Being deployed to Iraq had its ups and downs, but receiving packages from home definitely made the time I spent there less stressful.
The best part is, through a few great programs, anyone can send a care package and you don’t even need to know the soldier receiving it.
Whether it’s a loved one or someone you’ve never met, we’ve put together a useful guide on what to include, what to avoid and how to send your care package overseas.
Some of the best care packages I received were the ones that had practical items in it. We don't have a whole lot of room for clutter, so sometimes the things that are most important to us are the most useful things that help us do our job.
Don't forget to seal everything in plastic zip-lock bags. This protects your care package from the elements and the soldier from receiving snacks that taste like soap.
We're on our feet a lot when we're deployed, so some of the best items were those that helped keep us dry, clean and comfortable. Items like:
I was stationed in the Middle East and our goggles often were clouded by dirt and sand in the air. Instead of relying on a t-shirt to clean them, lens cleaning cloths and small bottles of glass cleaner come in handy.
Also, baby wipes and sunscreen were plentiful for us on our base, but your service member might need these.
For as many moments of action service members face, there's plenty of downtime as well. If you're twiddling your thumbs and waiting while in the US, you have the luxury of pulling out your smartphone and killing a little bit of time. Overseas, we don't always have that luxury, so we have to have our own fun.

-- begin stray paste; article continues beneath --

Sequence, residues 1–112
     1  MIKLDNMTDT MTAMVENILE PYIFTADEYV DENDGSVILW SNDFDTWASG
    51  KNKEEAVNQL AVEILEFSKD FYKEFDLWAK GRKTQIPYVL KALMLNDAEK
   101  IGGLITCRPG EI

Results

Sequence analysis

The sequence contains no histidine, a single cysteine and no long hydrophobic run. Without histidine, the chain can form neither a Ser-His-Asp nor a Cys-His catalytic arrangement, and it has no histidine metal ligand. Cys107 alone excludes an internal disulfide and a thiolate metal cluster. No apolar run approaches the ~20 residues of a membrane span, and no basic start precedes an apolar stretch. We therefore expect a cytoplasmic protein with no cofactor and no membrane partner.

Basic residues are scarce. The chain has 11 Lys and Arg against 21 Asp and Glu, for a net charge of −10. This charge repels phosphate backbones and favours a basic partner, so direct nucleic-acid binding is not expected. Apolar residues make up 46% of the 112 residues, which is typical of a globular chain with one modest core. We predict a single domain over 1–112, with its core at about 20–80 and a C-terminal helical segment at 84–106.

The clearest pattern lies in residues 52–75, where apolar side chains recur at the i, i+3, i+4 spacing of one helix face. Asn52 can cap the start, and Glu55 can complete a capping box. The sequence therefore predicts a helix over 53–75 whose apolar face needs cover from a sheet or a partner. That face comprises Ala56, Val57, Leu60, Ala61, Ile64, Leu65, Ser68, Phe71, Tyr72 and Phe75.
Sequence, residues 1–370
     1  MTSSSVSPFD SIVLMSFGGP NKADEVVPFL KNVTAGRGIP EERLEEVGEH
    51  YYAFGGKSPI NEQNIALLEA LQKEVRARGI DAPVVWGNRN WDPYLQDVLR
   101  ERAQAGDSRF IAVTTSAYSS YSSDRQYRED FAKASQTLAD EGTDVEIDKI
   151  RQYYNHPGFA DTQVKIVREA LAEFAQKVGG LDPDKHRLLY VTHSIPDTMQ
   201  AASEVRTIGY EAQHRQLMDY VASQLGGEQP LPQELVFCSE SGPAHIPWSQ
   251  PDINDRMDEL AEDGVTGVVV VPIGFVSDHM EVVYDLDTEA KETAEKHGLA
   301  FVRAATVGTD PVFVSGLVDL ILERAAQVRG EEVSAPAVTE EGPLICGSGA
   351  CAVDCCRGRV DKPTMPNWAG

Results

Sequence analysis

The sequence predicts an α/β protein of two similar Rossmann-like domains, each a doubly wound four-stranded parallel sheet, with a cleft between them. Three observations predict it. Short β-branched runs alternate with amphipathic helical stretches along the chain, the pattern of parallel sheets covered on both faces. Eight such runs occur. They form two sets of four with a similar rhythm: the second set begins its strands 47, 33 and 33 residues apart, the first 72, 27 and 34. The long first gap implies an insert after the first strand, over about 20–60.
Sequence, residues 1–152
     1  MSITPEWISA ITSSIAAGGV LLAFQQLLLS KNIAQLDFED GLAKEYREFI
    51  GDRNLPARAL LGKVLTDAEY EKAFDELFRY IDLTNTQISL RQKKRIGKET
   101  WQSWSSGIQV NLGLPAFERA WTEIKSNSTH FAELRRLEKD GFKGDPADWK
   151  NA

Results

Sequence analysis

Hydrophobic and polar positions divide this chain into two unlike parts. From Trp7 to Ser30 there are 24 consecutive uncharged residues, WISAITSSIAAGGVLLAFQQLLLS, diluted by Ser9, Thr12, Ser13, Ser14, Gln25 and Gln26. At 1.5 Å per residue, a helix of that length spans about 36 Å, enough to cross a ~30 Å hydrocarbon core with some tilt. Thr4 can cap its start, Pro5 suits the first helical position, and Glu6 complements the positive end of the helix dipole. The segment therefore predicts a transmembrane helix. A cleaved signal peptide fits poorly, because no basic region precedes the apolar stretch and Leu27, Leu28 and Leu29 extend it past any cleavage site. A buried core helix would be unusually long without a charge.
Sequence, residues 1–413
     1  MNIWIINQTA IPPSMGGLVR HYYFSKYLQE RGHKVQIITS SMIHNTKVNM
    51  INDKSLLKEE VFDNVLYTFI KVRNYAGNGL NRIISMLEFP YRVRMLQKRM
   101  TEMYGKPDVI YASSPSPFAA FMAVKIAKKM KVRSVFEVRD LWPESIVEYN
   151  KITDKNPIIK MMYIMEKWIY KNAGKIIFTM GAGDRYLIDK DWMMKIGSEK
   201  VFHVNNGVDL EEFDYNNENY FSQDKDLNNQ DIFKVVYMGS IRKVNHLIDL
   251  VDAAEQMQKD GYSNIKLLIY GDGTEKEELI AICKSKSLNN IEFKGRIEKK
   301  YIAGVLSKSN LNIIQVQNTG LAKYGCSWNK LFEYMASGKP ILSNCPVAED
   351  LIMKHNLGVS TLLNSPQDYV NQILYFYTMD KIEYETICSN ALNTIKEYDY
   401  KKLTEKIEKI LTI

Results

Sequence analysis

Some items to consider include:
Really anything that could help decompress from a stressful day and focus on something else.
The best way to most anyone's heart is through their stomach, and deployed service members are no different.
While there's enough food to go around on base, much of it can be a little bland, and the variety is lacking. Try including some of the following:
As with anything you send, it needs to be non-perishable. Sending homemade cookies or soft candies halfway around the world just won't cut it. And please don't send food in the same package as you do shampoo or other toiletries — there's nothing worse than getting some treats from home covered in soap.
While all of the above are great, sometimes we just need an extra boost of confidence from home. While emails are convenient, they don't have the same poignancy and convey the same emotion as a hand-written letter.
While we're away, remember to take videos of everything: baby's first steps, parties, family get-togethers, and even just lounging around the house. Put some of those on a USB drive and send it, too.
Not everything is suitable for a care package. Here’s a few things to avoid:
Overall, keep in mind that whatever you send may not make it in the condition you expect. Along the way, things might get wet, break, freeze or be in shipping containers for a period of time.
Even if you don’t have family or friends overseas, you can still send a care package to a deployed soldier. The DOD has vetted and recommends the following non-profits: https://dod.defense.gov/Resources/Community-Resources/carepackages/.